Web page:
Cover Image Source: Pixababy
It’s a funny thing, laundry. No matter how much you hate washing, folding, and putting away your clothes, it has to be done (usually once a week). Whether or not you knew how to do laundry when you first arrived at uni as a fresher, everyone must eventually learn how to work a washing machine, because laundry is an inevitable component of independent living. However, students at St Andrews, both new and old, recognize the unique faults with the hall laundry service providers: Circuit and Washstation. Students continue to raise issues related to cost, customer service, and functionality of the companies. These complications are not only problematic in their nature, but also in the obstacles that students face as a result of these complications.
Neve Kinahan, a second-year student living in Agnes Blackadder Hall, speaks out about the high cost of laundry on campus and the burden it puts on her spending.
“The laundry situation is a major flaw in my enjoyment [of halls]… I cannot treat myself, and I must ensure that I budget down to the penny if I wish to eat each week. A major blight to my funds is laundry. It is an essential part of a functioning adult’s life. Yet, the need for basic cleanliness comes at an odious cost. If I want to attend class, there’s a cost.”
For those who don’t live in the university residence halls, or for those who do and still haven’t done laundry for the semester, here is a refresher on the intricate process you go through just to finish a load of laundry. First, you need to obtain a laundry card from your hall. This card needs to be loaded with money from your computer, which will then give you a code to enter into the Pinmate machine in your hall’s laundry room. The topped-up card can then be used to start the washer, which costs £2.30 to run, and the dryer, which costs £1.10 to run. For low-income students, and just students in general, nearly £4 is a lot to pay per load for the quality of the wash that the machines provide, and top-ups on laundry cards can only be made in multiples of £5, which makes it nearly impossible to use up the credit that has already been paid.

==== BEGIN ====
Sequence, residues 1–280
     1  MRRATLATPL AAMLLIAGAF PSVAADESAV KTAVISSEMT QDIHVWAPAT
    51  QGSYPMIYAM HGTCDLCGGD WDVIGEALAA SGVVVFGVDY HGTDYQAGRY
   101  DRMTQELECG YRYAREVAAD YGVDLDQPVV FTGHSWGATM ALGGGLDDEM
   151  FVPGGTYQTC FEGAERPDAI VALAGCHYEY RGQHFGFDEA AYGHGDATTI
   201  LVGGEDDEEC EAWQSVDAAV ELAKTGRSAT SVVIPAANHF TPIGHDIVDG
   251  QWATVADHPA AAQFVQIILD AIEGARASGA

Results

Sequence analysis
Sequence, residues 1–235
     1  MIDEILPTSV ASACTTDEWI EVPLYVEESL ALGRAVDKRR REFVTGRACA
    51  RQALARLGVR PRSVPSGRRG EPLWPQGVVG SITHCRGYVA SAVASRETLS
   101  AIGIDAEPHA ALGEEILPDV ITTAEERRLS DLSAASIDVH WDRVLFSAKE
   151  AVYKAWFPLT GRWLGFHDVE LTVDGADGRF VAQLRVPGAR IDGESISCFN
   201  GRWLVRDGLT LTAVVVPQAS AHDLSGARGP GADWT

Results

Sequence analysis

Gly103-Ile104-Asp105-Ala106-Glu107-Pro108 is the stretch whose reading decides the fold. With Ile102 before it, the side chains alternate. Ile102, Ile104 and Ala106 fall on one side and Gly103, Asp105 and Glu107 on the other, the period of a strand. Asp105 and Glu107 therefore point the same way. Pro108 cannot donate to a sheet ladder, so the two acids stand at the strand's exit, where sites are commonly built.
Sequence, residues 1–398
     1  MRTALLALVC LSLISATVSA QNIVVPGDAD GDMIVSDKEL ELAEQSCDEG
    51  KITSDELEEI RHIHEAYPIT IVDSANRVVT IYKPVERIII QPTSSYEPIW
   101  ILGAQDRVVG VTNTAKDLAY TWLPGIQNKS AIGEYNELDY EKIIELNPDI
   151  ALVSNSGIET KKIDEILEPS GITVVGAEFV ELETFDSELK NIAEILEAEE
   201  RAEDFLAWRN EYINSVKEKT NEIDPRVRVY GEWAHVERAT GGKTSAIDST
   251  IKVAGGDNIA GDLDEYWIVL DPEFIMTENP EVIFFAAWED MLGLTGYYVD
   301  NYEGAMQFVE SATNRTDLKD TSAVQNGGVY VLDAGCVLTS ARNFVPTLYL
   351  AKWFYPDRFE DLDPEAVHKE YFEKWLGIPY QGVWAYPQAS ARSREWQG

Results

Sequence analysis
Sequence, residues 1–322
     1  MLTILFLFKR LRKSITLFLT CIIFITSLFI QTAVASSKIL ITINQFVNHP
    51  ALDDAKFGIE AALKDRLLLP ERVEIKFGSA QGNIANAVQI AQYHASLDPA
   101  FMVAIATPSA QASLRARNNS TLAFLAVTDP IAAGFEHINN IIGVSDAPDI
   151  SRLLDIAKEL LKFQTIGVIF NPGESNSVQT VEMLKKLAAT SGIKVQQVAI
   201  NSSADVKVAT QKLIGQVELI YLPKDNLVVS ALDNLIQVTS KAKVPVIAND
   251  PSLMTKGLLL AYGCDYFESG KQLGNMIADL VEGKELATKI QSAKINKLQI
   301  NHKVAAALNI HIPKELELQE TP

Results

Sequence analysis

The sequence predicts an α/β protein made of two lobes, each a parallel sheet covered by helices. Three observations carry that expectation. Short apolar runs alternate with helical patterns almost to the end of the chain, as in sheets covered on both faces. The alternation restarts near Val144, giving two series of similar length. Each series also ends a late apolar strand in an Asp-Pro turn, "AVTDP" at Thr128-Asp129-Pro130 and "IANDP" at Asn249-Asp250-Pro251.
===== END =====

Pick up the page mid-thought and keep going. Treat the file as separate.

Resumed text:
Ferida McKeogh is a first-year student at St. Andrews. He is championing the movement to hold these laundry service providers accountable, and he has a petition.
The petition addresses the laundry providers directly by listing the student’s grievances, starting with the limited top-up option and ending with the juxtaposition between the cost of the service and the quality of the product. At the end, there is a demand for a timely response to these complaints. McKeogh’s petition, with a goal of 500 signatures, includes comments from other disgruntled students. It is clear from their statements, and his own, that this issue is something students are fired up about.
“Circuit and Washstation hold a monopoly over the student laundry market, but their penchant for nickel-and-diming students already burdened with debt will end here…Across the UK, students are being forced to use poorly designed, frustrating websites and cards only for their laundry to be either dirty, shrunken or still wet”, said McKeogh about the situation.
The increasing enthusiasm for the movement is grabbing the attention of student leaders and university officials alike. President of Students Association, Jamie Rodney, has been working on this issue for the past couple of weeks.
“While the situation is better at St. Andrews than elsewhere, there is a whole laundry-list (no pun intended) of issues with the service Circuit and Washstation provide,” Rodney said when communicating with the Stand about this issue. “The Students’ Association will hopefully decide on a plan of action to address the issue within the next week.”
Rodney urges anyone who is interested in tackling this issue, or anyone with questions or concerns to email him at [email protected]
The solutions to this problem can range from simple to more extreme. One student, Lewis O’Neill, proposes the possibility of introducing a system where students can buy multiple washes at the same time for a discounted rate. McKeogh’s end goal is more specific. He states in a quote to the Stand,
“We want to put an end to this starting with a removal of the proprietary card system in favor of cash or contactless, and ending with more reasonable, affordable pricing.”
Whether or not you live in the halls, laundry is an issue we can rally behind as a student community. Students at St Andrews should not have to worry about the high cost of washing. Once we decide to tackle this issue together, regardless of proximity to the problem, our whole community will be better.